And as a beginner, you should only worry about using campden tablets if you are pressing the cider yourself, or getting unpasturized straight from the press at the cider mill. There are people here who may shun me for saying something like that, but I re-interate, as a beginner. And all the campden tablets are doing for you in that situation is pasturizing it, and killing off anything that would leave unpredictable results...So just get pasturized for starters...keep it simple...

I'm sorry, I promised myself I wouldn't give too much advice and turn into one of the posters you're complaining about. As Jacob said, find a site that simply descibes the process of brewing cider and leaves out personal taste crap...you don't care what other people's tastes are, you're not brewing for them, you're brewing for you!!!

Good luck,
and CHEERS!

__________________
Sewer_Urchen is offline
 
Reply With Quote Quick reply to this message
Old 09-09-2012, 02:18 AM   #6
CKL958
Feedback Score: 0 reviews
Recipes 
 
Join Date: May 2012
Location: Janetville, Ontario
Posts: 37
Liked 3 Times on 3 Posts

Default

Regarding the mead - try JAOM (http://www.homebrewtalk.com/f80/joes...ge-mead-49106/). Easy. I've got my first on the go, so I can't tell you how it turns out, but judging by the comments, it doesn't disappoint.

Regarding the cider, I think you first need to decide what you are looking for in a cider. Sweet, dry. Sparkling, still. Etc. From there, you can decide where you want to go and what you want to do. I made this for my first cider (http://www.homebrewtalk.com/f32/cara...-cider-292770/). Upstate Mike pretty much gives you all the opportunities in there to make the style you are looking for.

Keep reading. You can always search for what you are looking for, and when you have specific questions that you can't find an answer to, or don't quite understand, ask.

__________________
CKL958 is offline
 
Reply With Quote Quick reply to this message
Old 09-09-2012, 02:35 AM   #7
tojo
Feedback Score: 0 reviews
Recipes 
 
Join Date: Nov 2010
Location: Suburban Philadelphia area, PA
Posts: 451
Liked 7 Times on 5 Posts

Default

Quote:
Originally Posted by CKL958
Regarding the mead - try JAOM (http://www.homebrewtalk.com/f80/joes...ge-mead-49106/). Easy. I've got my first on the go, so I can't tell you how it turns out, but judging by the comments, it doesn't disappoint.

Regarding the cider, I think you first need to decide what you are looking for in a cider. Sweet, dry. Sparkling, still. Etc. From there, you can decide where you want to go and what you want to do. I made this for my first cider (http://www.homebrewtalk.com/f32/cara...-cider-292770/). Upstate Mike pretty much gives you all the opportunities in there to make the style you are looking for.

Keep reading. You can always search for what you are looking for, and when you have specific questions that you can't find an answer to, or don't quite understand, ask.
Just tasted some JOAM I made 12/31/11. Took it out of the initial fermentation vessel...a one gallon apple juice bottle... Lol. It sat on yeast cake and fruit (orange & cranberry) since I made it.

Wow... You gotta try it!
__________________

I love a good train wreck!!

tojo is offline
 
Reply With Quote Quick reply to this message
Old 09-09-2012, 01:25 PM   #8
CKL958
Feedback Score: 0 reviews
Recipes 
 
Join Date: May 2012
Location: Janetville, Ontario
Posts: 37
Liked 3 Times on 3 Posts

Default

Quote:
Originally Posted by tojo View Post
Just tasted some JOAM I made 12/31/11. Took it out of the initial fermentation vessel...a one gallon apple juice bottle... Lol. It sat on yeast cake and fruit (orange & cranberry) since I made it.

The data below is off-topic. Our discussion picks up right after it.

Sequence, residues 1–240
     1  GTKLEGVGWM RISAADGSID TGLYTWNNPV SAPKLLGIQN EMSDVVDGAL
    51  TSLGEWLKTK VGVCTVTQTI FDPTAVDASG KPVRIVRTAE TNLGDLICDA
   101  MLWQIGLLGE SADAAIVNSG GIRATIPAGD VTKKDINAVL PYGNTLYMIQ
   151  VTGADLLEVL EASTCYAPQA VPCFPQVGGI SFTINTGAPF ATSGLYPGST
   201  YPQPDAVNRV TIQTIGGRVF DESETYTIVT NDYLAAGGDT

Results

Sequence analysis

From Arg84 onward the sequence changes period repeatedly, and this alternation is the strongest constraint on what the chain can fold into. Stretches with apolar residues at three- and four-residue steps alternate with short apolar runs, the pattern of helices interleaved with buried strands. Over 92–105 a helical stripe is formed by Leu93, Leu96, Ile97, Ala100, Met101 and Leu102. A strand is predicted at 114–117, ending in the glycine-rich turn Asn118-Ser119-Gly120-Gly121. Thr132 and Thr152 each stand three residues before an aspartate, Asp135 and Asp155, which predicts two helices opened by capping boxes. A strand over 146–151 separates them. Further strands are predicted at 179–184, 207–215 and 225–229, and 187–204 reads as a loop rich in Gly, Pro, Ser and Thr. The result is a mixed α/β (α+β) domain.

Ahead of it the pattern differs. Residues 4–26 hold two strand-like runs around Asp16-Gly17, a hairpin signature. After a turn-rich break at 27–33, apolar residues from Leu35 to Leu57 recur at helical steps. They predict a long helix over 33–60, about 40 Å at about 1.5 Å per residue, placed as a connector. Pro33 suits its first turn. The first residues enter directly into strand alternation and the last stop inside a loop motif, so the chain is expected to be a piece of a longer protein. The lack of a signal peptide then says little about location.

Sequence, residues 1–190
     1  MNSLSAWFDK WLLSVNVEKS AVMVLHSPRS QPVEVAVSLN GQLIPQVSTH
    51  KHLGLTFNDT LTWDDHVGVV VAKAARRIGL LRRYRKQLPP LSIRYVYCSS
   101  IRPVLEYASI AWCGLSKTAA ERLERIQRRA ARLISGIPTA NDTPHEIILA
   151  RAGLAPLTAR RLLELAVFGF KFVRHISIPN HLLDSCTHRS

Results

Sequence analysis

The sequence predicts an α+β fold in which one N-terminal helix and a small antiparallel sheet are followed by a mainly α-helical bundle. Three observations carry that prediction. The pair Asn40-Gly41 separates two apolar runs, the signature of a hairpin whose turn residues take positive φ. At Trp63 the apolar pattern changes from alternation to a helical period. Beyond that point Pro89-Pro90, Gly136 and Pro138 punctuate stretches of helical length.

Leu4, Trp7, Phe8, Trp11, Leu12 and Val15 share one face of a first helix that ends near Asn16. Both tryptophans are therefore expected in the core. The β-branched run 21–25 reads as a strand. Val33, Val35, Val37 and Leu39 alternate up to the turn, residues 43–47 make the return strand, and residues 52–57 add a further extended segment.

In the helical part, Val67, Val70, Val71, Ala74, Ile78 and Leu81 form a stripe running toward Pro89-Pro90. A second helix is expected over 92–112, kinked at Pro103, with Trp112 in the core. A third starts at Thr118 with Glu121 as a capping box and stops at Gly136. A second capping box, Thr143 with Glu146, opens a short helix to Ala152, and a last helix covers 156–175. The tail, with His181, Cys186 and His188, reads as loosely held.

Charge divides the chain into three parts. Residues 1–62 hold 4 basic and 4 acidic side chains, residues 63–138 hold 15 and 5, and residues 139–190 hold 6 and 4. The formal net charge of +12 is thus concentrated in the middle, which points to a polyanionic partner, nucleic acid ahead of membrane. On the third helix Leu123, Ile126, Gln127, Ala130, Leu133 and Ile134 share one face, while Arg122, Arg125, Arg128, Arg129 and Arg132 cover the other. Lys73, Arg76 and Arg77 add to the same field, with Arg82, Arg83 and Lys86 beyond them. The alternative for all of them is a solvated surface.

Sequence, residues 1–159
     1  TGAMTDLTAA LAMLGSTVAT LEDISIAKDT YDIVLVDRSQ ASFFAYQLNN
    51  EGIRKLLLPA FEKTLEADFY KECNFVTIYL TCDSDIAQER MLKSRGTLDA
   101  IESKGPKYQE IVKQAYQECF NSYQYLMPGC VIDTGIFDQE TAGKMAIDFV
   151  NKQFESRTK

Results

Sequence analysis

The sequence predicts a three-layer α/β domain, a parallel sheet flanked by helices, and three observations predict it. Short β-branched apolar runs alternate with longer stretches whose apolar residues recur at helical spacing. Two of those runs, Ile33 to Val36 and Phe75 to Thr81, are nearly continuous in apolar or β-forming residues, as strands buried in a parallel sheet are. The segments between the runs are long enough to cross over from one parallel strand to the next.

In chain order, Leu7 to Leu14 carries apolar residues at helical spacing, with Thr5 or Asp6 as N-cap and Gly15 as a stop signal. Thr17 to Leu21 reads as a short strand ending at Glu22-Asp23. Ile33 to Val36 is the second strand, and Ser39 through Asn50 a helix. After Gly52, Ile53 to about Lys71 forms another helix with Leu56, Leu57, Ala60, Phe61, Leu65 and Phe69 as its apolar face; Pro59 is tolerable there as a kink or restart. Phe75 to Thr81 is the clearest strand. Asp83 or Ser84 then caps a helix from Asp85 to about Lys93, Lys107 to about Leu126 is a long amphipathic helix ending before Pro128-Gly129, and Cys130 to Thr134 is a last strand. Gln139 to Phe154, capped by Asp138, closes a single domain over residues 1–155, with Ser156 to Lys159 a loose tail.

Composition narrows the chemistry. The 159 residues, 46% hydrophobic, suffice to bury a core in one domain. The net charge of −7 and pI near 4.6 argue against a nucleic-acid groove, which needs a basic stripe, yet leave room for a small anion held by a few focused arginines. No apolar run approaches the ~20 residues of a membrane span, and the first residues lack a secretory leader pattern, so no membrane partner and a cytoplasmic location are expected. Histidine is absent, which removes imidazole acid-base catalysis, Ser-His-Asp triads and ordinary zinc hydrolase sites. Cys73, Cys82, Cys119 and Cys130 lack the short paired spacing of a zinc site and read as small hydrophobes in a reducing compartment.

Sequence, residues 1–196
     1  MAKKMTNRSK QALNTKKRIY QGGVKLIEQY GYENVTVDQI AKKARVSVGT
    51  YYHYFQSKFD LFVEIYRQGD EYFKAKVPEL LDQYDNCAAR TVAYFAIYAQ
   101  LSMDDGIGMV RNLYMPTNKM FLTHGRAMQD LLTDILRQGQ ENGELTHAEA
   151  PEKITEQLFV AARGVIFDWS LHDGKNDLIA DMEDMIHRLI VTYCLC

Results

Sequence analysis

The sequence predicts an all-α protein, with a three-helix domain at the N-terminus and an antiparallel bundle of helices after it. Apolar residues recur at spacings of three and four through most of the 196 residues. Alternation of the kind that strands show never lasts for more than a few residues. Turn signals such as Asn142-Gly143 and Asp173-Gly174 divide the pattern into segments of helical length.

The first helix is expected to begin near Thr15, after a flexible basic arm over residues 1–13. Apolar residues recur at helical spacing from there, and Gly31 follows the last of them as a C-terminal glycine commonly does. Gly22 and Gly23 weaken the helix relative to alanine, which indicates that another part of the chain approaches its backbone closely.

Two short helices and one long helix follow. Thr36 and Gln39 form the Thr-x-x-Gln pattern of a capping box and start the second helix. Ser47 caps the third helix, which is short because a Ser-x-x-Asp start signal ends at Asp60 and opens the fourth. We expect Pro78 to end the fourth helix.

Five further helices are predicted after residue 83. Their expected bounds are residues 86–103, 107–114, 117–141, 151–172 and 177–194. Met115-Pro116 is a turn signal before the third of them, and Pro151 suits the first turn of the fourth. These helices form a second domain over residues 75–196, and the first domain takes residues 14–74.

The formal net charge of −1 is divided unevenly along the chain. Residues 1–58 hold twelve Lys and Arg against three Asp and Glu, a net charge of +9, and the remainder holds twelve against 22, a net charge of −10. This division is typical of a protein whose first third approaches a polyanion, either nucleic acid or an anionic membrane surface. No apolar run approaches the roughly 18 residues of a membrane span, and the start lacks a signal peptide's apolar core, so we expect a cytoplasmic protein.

Wow... You gotta try it!
I want to. I really do. It isn't clear yet though.....
__________________
CKL958 is offline
 
Reply With Quote Quick reply to this message
Old 09-09-2012, 01:40 PM   #9
MarkKF
Feedback Score: 0 reviews
Recipes 
 
Join Date: Dec 2011
Location: Meriden, CT
Posts: 448
Liked 14 Times on 13 Posts

Default

Just use this recipe:

http://robshomebrew.com/apple.html

The ingredients like tanin and pectin are optional

Sent from my iPhone
MarkF

__________________
MarkKF is offline
 
Reply With Quote Quick reply to this message
Old 09-09-2012, 05:36 PM   #10
Jacob_Marley
Feedback Score: 0 reviews
Recipes 
 
Join Date: Sep 2011
Location: Detroit
Posts: 911
Liked 146 Times on 114 Posts
Likes Given: 52

Default

Cider is more difficult to make well than wine.

Here's an explanation ... from an old post of mine ...


Of all the fermentables, I believe beer is the *hardest* to learn to make. If not to perfect, then to make passably.

The easiest is grape wine ... grapes are closer to perfect in terms of all of their profiles ... sugar, acid, tannin, nutrients that the yeast requires, they often even have yeast itself which often exists on the outside of its skins.
If you fell into a vat of grapes and had a seizure ... in a few weeks you'd have wine.

More difficult than the grape wine is wine that is NOT made from grapes.
For what it’s worth, this is predominantly the types of wine I still make. Banana, apple, cranberry, blueberry, cherry, lemon, crabapple, pomegranate, the list goes on and on including many things of questionable fermentability.
This is quite a bit more exacting to learn and requires you to know all the processes and chemical reactions separately. A great many fruits are far off of the ideal profiles. No "falling into the vat" and, voila, wine.
If you want to learn to make wine, don't start with grape but instead learn to make non-grape wine successfully, then move on to grapes and on to the intricacies of grape wine and it’s varietals and more complex points, especially blending, grape growing and vineyard management.

The next most "difficult" I think is hard cider. Maybe not so much "difficult" but "particular". Cider is made much like wine but because the alcohol percentage is lower, the pH is usually higher and it is not often sulfited, it can't defend itself so well from spoilage infections. Also because much cider is sparkling and a common way to give it the bubbles is to "bottle condition" it ... you have to hop around on one foot to get it made plus sweetened to your preference plus get it carbonated plus then store it until you drink it without it exploding.

I think the most difficult is beer - and not just because it is the one I have done the least.
It is difficult or particular for the reasons that cider is and also because there are the additional steps in its processes ... malting, boiling, hopping, various other additions, lactose, maltodextrin, etc and much nuance in getting the flavors, aroma, mouthfeel etc right. An understanding of how esters create flavor in brewing... everything from yeasts to fermenting vessel shapes, mashing and fermenting techniques, sugars and their fermentability, hopping ... or "gruit" (if yer that kinda guy) ... the list goes on and on.

__________________
Jacob_Marley is offline
 
Reply With Quote Quick reply to this message
Reply


Quick Reply
Message:
Options
Thread Tools